by Angela Clark
Ah the holidays, they have arrived. And for many of us this time of year can be both joyful and sad; “Bittersweet,” I believe, is how one person put it.
What could bring us joy? Getting together with friends and family. Seeing the lights lit up around the city. Giving gifts, receiving gifts. Holiday sales, charity classes. Bundling up and getting cozy with a loved one.
What could make us sad? Single again for the holidays. The clear acknowledgement of our losses – breakups, moves, deaths. Seeing there are still people on the streets, freezing and starving. Acknowledging another year has passed us by.
This time of year there always seems to be more attempts at reflection. More time to pause and be grateful for the things we have; acknowledgment of the sadness for our losses, not just as individuals but as a community and society as a whole. How can we cope with it all? With the overwhelming emotions that may rise up and hit us out of the blue? How can we hold both the beauty and bitterness of what it means to be human and live in this world?
What we need, we already have. True, it doesn’t always seem like that, but trusting in our amazing ability to love is what we need. Along with a few tools to help us when times are challenging, like a yoga practice, running, biking, meditation, or knitting. Anything that allows you to find more space in the conceptual mind can help support the wave of emotions that the year’s end brings.
The truth of the matter is that we are all alone, and yet, we are not separate from one another. Only I know what I feel and what I experience; only you know what you feel and what you experience. And yet we are not the first people to feel sad, alone, joyful, and compassionate; others have had the same feelings and experiences. We feel sad when someone we love is in pain, compassionate for someone who is experiencing a loss that we too have felt. We also get excited when something good happens to someone we love or who we feel deserves it. We are not separate from each other and remembering that is so very crucial if we want to leave things better than we found them. It’s also what helps us to hold both the bitterness and sweetness that we experience in the same space at the same time.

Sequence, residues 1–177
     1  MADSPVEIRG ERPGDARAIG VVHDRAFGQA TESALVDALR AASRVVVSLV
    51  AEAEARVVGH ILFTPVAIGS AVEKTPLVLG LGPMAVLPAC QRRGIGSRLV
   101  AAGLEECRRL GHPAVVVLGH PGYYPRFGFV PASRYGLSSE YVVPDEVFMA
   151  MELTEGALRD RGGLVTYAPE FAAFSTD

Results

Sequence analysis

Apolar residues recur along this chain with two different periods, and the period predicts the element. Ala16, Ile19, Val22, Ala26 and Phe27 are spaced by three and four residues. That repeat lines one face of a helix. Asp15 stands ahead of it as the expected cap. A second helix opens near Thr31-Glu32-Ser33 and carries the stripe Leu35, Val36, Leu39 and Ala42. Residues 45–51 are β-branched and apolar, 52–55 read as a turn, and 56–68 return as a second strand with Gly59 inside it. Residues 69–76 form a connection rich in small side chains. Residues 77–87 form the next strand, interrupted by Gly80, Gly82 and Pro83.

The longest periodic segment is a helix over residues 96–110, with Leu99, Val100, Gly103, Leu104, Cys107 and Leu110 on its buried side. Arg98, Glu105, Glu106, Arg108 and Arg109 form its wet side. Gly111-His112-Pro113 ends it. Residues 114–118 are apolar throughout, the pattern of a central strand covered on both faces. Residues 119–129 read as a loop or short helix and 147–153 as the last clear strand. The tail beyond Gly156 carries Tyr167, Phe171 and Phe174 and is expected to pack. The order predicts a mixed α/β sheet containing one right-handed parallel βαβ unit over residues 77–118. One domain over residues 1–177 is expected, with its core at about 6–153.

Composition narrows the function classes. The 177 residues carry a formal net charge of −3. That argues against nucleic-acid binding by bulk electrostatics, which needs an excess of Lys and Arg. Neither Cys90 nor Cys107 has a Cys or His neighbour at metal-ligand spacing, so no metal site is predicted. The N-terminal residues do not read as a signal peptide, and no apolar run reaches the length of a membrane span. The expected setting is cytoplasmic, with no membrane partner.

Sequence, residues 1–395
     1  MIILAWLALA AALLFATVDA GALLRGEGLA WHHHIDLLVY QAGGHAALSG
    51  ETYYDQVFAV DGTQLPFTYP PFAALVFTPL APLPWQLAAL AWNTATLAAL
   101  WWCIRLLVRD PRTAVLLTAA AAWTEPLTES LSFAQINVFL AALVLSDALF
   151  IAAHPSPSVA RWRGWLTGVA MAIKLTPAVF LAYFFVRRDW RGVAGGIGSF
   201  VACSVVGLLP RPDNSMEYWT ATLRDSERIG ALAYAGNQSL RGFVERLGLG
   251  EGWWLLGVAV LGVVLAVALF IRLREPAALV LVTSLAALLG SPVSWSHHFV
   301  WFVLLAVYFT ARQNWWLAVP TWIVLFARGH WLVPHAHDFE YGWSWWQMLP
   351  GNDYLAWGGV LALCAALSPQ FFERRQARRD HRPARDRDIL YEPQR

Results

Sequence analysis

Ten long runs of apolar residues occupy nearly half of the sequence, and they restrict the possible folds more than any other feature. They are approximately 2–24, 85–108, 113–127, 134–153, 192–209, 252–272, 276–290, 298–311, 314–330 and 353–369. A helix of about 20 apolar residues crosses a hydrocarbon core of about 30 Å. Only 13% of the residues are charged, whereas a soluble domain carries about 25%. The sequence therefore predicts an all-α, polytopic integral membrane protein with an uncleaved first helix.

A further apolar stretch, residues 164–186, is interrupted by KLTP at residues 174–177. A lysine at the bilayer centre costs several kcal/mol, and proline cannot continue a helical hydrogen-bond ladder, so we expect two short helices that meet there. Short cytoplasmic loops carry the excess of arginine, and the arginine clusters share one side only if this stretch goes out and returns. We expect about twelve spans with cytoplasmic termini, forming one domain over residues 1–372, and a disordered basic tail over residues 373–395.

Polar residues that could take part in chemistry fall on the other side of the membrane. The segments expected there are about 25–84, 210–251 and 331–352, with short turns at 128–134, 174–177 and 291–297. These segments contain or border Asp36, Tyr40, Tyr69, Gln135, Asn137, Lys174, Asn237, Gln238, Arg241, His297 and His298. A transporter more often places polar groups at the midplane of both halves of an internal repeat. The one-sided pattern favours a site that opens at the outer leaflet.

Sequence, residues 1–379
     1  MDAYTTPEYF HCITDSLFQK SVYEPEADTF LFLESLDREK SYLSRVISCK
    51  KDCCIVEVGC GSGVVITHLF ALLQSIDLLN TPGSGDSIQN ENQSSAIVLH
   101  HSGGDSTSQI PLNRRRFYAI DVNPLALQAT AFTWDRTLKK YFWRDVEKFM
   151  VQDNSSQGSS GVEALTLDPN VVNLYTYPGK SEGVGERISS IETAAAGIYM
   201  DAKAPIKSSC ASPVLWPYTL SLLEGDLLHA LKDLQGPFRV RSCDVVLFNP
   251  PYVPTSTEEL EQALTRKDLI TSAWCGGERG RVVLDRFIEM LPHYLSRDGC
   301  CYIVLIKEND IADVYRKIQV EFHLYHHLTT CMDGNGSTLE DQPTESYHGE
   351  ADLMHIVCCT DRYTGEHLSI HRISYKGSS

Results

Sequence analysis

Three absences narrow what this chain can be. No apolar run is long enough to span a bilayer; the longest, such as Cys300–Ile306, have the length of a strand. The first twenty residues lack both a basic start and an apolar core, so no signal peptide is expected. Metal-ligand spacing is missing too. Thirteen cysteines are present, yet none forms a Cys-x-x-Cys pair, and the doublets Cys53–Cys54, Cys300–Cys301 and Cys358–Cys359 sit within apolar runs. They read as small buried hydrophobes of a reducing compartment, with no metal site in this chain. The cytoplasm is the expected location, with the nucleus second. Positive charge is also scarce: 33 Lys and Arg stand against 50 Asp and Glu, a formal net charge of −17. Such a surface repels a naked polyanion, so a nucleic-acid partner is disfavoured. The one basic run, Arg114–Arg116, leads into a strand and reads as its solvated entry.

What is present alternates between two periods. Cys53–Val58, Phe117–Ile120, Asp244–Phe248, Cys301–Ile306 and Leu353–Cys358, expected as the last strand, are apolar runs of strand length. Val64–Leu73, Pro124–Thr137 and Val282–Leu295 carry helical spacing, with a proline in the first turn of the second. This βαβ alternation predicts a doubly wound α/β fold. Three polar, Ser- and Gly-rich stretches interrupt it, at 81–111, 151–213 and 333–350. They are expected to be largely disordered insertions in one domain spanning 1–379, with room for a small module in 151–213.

Because we have experienced a ‘pain’ – be it loneliness, sadness or some other ‘pain’ – we can have compassion for others we know (and don’t know) who are experiencing the same ‘pain.’ And that compassion rises from a place of knowing and caring – and that exists within you. Same goes for the experience of joy and happiness, because we have experienced how that feels when we see someone else experiencing these emotions, we can smile for them and even perhaps “catch” that infectious joy.
The trick is to give ourselves some time and space and have compassion for ourselves when these feelings do not arise spontaneously or immediately. Because, like the saying goes, this too shall pass.